What I Learned Socializing With The “Insane” in Psychiatric Units

What I Learned Socializing With The “Insane” in Psychiatric Units


Listen to Executive Director Gabriel Nathan read this post aloud:

There is nothing to do except pace the hallway and swallow pills in a psych hospital. So I decided to speak with my peers.

Inside the Community

“So, how did you get here?” I asked an unsuspecting peer on the ward. He was around my age and appeared somewhat approachable, speaking in words I found sensible, at first.

“Police brought me to CPAP… ” He said with empty conviction. It was as if it had happened to him, but he didn’t know anymore about the story.

The most insightful person will tell you ‘why,’ and ‘how,’ they went inpatient.

CPAP is an emergency room, but configured for psychiatric emergencies. So, when I asked why he was admitted, he told me not why, but how. He left out the most critical details leading to his hospitalization, providing little information about what was going on with him.

Peers on the unit carry with them insight (or lack thereof) and stories that can pass the time on days when you need to escape, if only mentally, the confines of the unit. After so many hospitalizations, I have experienced the benefits and drawbacks of socializing with others in the hospital.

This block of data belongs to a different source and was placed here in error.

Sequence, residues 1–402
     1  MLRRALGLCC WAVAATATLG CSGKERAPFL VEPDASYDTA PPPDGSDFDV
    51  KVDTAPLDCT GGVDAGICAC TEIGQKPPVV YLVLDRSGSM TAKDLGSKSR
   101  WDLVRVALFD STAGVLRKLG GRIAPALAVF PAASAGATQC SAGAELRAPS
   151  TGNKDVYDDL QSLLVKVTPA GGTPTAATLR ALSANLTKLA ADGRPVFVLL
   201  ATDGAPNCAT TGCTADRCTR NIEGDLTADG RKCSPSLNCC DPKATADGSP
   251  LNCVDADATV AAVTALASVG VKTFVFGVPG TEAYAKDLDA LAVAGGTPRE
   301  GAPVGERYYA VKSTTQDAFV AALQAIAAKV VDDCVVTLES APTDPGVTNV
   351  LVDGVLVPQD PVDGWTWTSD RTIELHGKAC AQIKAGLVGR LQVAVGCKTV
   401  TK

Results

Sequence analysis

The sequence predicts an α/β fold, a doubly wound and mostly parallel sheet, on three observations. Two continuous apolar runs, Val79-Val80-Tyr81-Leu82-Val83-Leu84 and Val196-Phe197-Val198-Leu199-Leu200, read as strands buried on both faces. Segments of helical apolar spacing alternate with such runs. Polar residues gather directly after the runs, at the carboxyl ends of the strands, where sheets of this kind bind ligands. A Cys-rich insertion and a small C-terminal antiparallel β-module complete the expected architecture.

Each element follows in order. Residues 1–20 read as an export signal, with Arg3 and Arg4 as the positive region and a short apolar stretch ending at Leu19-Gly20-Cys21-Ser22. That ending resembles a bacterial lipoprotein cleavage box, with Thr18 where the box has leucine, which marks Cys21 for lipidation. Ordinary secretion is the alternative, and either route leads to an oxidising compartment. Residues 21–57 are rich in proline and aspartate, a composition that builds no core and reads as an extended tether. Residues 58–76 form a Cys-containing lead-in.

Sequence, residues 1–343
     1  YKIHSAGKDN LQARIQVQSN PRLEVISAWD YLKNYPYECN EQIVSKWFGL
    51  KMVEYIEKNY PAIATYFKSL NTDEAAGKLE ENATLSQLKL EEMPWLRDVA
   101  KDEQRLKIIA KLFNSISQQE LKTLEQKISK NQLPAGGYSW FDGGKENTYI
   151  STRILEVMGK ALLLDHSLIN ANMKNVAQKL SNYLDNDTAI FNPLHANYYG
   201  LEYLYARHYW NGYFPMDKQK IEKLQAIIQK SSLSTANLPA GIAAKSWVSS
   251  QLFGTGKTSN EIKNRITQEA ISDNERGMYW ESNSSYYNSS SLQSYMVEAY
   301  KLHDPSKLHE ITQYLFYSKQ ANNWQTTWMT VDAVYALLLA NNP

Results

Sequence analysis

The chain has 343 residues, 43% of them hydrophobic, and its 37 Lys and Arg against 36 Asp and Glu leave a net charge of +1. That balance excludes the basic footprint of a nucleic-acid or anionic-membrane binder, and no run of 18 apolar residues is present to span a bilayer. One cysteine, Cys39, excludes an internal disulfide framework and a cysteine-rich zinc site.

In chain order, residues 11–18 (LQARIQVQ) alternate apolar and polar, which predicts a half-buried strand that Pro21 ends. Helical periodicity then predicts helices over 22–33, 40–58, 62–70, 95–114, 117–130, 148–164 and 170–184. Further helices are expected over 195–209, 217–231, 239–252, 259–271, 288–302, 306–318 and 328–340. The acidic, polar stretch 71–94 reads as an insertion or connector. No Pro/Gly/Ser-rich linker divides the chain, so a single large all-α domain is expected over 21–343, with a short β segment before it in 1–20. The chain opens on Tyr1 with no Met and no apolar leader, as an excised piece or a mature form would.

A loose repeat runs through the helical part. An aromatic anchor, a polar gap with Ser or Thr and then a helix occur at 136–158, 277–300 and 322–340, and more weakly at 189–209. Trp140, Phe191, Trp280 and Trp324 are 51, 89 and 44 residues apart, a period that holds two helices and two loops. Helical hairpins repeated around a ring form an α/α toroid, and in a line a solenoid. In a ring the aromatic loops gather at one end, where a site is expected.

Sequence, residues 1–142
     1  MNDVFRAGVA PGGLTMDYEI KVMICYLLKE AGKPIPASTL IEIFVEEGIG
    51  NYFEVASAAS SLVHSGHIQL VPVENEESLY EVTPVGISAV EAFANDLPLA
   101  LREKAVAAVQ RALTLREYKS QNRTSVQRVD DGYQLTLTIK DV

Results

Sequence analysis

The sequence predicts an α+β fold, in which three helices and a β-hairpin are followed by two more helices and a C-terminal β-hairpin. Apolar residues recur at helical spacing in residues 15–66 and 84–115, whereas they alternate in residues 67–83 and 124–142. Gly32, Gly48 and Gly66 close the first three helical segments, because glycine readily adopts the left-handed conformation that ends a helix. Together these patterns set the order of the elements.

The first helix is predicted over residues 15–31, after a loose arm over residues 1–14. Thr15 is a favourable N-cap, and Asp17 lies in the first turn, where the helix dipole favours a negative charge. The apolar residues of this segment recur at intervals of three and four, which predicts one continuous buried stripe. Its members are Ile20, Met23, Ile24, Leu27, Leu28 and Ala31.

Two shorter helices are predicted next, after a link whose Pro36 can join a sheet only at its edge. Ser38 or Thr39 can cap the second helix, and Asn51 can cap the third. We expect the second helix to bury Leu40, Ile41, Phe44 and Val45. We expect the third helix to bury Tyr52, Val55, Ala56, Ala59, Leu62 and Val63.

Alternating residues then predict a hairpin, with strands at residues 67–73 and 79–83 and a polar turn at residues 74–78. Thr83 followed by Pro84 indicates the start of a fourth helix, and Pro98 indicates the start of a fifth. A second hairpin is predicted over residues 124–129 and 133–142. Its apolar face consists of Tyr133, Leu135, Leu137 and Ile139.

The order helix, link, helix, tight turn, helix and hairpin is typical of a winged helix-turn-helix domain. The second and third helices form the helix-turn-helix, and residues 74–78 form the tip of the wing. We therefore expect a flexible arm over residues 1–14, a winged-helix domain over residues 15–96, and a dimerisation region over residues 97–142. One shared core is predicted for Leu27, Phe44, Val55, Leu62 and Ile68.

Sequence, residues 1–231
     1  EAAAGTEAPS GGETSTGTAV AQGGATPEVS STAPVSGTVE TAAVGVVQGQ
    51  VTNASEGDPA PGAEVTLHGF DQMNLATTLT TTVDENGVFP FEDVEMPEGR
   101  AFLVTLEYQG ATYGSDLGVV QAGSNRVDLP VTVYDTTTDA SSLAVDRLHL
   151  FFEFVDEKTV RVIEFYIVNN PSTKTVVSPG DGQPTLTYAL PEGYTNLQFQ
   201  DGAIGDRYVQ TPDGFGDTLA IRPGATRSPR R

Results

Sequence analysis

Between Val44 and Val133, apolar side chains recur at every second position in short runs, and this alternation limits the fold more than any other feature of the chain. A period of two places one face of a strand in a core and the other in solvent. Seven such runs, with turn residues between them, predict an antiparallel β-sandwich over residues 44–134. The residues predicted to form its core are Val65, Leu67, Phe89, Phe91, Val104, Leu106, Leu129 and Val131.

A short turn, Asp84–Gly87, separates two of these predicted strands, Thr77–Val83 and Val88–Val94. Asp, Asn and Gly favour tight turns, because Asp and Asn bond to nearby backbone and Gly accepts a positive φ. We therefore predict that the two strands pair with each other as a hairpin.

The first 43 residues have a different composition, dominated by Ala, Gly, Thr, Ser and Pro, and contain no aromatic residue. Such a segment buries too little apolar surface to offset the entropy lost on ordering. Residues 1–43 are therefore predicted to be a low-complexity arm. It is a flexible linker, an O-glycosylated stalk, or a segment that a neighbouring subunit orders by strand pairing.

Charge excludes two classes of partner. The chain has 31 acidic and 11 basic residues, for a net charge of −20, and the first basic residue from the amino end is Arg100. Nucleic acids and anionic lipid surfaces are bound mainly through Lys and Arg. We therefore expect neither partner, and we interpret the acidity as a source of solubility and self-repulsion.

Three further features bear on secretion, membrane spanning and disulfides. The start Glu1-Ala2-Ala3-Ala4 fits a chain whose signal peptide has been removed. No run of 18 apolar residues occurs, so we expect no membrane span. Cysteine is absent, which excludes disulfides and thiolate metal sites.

Today, specialized units and other specialized care settings target specific disorders and cater to a niche cross-section of the mental health community. Psychiatric units, like local restaurants, now cater to a particular client base, or diagnosis, when accepting new admissions.

Socializing shaped my understanding of my own mental status on the unit. The better I understood others’ stories, the more I understood about how the hospital staff was trying to help those patients.

Ah-ha! Moments

More interesting than how the system works, however, are the stories of how my peers discovered themselves within an inpatient setting. People’s versions of the precipitating events which led to their hospitalization is always fascinating. The most talked-about stuff on the ward—bar none—paints a picture of a peer with more humanity.

“Look!” A patient gestured to her wrist, where she carved “HELP into her skin with scabs and stitches. Her skin was still red and irritated looking.

Understanding how minor problems become bigger is interesting on a clinical level. For her, help would mean feeling less pain. The hospital, for her, would ideally help her find ways of soothing the pain and guide her toward finding more comfort in her thoughts.